• Request job modification to minimize exposure to certain patient populations
  • Minimize work-to-home contamination by changing work clothes and shoes before going home
  • Shower as soon as you get home from work

Physicality of nursing while pregnant

Being a nurse while pregnant is especially hard work.  Not only are we on our feet for up to 12 hours a day, but pregnant nurses are also carrying an extra 25-plus pounds towards the latter part of pregnancy.  Additionally, the extra girth makes it significantly more difficult to fit into tight spaces.  

Movement becomes even more awkward for pregnant nurses due to having an altered center of gravity.  In addition, high serum levels of progesterone and relaxin loosen muscles, ligaments, and connective tissues.  For nurses who do a lot of heavy, repetitive work requiring lifting, pulling or pushing their risk of musculoskeletal injury is increased.   

It is wise for pregnant nurses to use patient transfer equipment and to ask co-workers for help with moving patients.  However, if your work situation is still too physical for you to manage safely during pregnancy, you may want to consider a modified duty in a lower risk setting with a less physical patient load.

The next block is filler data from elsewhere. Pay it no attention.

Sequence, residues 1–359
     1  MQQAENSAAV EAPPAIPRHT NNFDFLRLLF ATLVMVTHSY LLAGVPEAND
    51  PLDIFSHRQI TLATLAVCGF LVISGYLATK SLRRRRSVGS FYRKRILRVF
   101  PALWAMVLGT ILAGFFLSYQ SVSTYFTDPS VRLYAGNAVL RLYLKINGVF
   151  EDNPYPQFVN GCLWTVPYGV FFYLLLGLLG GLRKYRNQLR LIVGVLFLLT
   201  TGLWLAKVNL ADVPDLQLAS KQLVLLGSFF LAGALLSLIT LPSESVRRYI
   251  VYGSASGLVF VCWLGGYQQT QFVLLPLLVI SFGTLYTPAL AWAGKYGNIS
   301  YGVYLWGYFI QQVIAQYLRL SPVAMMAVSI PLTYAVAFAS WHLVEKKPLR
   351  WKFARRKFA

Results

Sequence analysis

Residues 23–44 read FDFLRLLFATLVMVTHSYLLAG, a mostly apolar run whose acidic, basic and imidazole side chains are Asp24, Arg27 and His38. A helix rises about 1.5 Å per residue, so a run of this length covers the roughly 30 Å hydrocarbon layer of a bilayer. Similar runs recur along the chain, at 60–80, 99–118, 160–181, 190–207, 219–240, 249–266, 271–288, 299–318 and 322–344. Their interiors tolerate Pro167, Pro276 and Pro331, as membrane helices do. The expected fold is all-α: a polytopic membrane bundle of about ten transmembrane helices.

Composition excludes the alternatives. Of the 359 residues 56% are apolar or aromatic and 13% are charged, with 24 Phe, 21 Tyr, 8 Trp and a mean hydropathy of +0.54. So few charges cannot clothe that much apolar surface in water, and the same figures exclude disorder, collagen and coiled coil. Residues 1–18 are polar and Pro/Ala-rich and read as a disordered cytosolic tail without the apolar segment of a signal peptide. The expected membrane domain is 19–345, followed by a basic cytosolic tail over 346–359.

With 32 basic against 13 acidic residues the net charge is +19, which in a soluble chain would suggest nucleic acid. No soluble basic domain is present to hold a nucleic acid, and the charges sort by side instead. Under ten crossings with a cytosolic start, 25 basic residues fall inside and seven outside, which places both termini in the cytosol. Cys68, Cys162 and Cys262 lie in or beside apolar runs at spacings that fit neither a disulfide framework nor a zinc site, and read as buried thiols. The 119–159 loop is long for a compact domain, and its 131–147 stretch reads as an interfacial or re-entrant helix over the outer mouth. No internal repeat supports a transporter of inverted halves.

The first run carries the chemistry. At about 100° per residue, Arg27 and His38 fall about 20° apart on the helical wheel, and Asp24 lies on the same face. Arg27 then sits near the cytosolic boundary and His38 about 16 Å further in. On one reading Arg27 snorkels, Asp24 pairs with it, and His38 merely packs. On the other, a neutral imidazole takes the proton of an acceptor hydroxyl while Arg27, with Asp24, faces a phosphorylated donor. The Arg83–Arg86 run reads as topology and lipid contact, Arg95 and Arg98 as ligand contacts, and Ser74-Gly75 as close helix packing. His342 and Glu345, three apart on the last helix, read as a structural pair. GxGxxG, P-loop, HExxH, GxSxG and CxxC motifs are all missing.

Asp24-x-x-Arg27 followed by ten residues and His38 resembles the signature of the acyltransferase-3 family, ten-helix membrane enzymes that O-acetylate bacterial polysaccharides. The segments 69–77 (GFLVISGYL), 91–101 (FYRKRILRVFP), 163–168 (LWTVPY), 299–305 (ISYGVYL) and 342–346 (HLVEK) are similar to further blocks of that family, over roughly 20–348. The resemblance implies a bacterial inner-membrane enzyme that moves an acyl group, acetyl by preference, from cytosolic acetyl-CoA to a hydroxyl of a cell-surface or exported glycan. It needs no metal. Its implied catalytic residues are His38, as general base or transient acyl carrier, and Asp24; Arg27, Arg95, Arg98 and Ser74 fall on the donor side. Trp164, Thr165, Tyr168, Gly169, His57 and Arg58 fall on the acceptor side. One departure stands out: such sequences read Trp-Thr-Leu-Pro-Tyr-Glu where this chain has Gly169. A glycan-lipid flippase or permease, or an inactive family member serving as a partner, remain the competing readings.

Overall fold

On another note, pregnant nurses also have a higher risk of developing varicose veins due to an increase in total blood volume caused by pregnancy.  The added blood volume combined with being on one’s feet all day leads to poor circulation, puffy legs and swollen ankles.  Compression socks or stockings can help reduce the risk of blood clots and varicose veins as well as prevent swelling.

Key takeaways:

  • Pregnant nurses may want to inquire about modified duty
  • Understand how the altered center of gravity and hormonal changes in pregnancy predispose a nurse to injury (despite using best lifting practices)
  • Use patient transfer equipment when available
  • Ask for additional staff help with transfers
  • Wear compression socks or stockings

Violent patients

I worked in our ER psychiatric hold area several times throughout my pregnancy.  There were a few incidences where I had patients verbally threaten me and/or begin to escalate towards violence.  I always had a security guard with me and I stayed a good distance away from patients when I felt that my safety could be at risk.  It is likely that I was overly cautious at times, but it is better to be safe than sorry.

Violence against nurses is not uncommon, especially in the ER setting.  Stay vigilant and keep away from any potentially threatening situations.  If a patient is escalating towards violence then leave and call for help immediately.